The other day I posted a post called “Training Racing Pigeons – From the Beginning to the Roof” where we covered things such as beginning training techniques, when to start letting them out of the loft, roof training, what to do if your birds sit out over night and nightflights. In today’s article I wanted to continue our discussion on training and talk about the training crate, and road training.
Learning to “Drive”?
In these first days on the roof is the funnest time to watch the pigeons. It is also the time to pull out your hair or learn patience. The bird will first flap their wings and sort of hover in short burst. Then they will fly off the roof and make small little circles and land again. After a while they will start to fly for short times. Eventually this will lengthen to longer periods of flight. This is the most entertaining time to watch your birds. As they start to fly around the loft at first as a group of individuals and later they will start to group up in a flock. At times they will do crazy things. There will be midair collisions as the flock makes turns to attempts to avoid objects. There will be crazy dives when you swear they are going to hit things. Yes, sometimes they WILL hit things. Don’t worry…this part is taken care of as they will learn to fly as a flock and get control of that huge natural engine mother nature gave them.
The Training Crate
Your birds are loft flying and routing. Hopefully you are really enjoying them. Now you are also feeling the anxiety as you know it’s soon time to start basket training them. There’s a young bird race schedule around the corner and you have to be ready for the first race. Most instructions on training skip this part of training. I think to most they really don’t think about it but they naturally include the introduction to the training crate as part of their training. The birds should be put in the training crates and left alone for a hour or more. Long enough for them to get used to the cramp quarters. The crate is a different environment as they have no proclaimed territory here. They will fight if they feel a another bird is too close to them. After a while they will settle down. Just like the loft, the roof and the neighborhood they are getting to know this environment too. It is best that they get familiar with this crate before the first training toss.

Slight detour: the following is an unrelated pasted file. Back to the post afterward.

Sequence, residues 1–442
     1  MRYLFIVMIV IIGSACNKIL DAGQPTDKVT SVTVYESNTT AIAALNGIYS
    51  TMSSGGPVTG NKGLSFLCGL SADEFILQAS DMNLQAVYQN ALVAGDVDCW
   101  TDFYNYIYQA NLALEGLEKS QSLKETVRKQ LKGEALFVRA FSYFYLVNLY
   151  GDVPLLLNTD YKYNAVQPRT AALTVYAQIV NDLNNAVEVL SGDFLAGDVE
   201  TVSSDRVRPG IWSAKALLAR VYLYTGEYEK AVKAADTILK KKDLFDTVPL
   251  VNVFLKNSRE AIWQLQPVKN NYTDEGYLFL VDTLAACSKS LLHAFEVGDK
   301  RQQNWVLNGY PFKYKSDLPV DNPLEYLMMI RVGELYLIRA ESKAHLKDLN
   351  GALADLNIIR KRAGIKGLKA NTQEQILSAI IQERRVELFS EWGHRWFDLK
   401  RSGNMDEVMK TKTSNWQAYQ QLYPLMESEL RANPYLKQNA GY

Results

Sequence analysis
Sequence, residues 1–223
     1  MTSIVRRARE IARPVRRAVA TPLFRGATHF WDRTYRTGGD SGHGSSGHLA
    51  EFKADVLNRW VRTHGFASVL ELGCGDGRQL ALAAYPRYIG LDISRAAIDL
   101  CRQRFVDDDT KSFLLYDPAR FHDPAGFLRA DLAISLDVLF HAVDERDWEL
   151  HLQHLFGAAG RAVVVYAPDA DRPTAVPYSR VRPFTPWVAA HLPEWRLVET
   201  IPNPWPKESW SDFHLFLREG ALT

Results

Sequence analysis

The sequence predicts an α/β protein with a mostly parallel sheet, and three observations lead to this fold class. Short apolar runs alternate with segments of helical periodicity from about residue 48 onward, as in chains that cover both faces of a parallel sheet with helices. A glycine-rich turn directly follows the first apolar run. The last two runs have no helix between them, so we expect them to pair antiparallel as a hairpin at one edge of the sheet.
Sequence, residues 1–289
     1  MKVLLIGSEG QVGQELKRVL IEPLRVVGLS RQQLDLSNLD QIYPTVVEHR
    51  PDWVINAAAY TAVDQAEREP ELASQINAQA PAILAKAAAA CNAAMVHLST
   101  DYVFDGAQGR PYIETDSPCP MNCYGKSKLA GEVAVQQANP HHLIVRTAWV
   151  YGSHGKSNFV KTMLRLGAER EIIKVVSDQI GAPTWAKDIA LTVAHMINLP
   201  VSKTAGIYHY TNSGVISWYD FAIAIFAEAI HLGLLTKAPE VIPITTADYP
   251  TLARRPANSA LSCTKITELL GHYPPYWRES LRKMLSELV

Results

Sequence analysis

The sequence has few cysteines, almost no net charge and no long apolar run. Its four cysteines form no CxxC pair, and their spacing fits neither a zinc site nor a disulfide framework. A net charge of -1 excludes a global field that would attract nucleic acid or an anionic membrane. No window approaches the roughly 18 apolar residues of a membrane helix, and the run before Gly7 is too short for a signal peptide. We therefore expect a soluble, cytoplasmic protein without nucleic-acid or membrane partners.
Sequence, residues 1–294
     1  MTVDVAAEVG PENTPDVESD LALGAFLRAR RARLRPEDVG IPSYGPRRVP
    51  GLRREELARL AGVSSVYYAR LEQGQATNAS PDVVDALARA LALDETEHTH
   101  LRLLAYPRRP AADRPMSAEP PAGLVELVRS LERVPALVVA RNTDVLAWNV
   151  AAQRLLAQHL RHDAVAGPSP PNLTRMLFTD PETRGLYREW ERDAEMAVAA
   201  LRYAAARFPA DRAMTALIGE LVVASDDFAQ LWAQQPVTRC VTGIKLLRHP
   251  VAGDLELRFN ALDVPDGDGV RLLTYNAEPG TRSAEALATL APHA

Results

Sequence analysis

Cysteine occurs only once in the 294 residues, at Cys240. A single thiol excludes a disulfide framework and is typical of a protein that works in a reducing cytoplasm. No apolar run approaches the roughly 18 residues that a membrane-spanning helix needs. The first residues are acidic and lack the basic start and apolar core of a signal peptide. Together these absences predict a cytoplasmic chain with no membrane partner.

The birds are routing, they’ve been introduced to the training crates. It’s time to start road training. Road training has several purposes. First is to teach the birds their surrounding area. Most programs call for you to start road training in the direction that you will be racing from. The second purpose it to condition them. Like a weight lifter doesn’t start bench pressing 300 lbs but starts at a lightweight and over time builds to a higher weight this is how were are going to training our birds. First train them approximately 1 mile from the loft. This may be difficult depending on where you live to find a decent release site that is free of wires, trees, buildings, fences etc. You want to find a place that is free of most of these obstacles. Sometimes a large parking lot like a shopping mall early in the morning is a great place if their are not people and cars around. Give them at least three tosses where they are heading straight home. Also do not release them after they have eaten as food is about the only motivator for getting home at this time. After they have made at least three successfu tosses you can move them out to 3 miles, 5 miles, 10 miles, 20 miles, 40 miles, etc. Do not jump to the next distance until they have made three successful tosses at each training location. This is what I call THE CONFIDENCE METHOD. The goal here is to develop confidence in the birds. Also in doing this you are getting them slowly conditioned for each jump in distance. After 40 or 50 miles that they are training well, they are ready for the 100 mile races.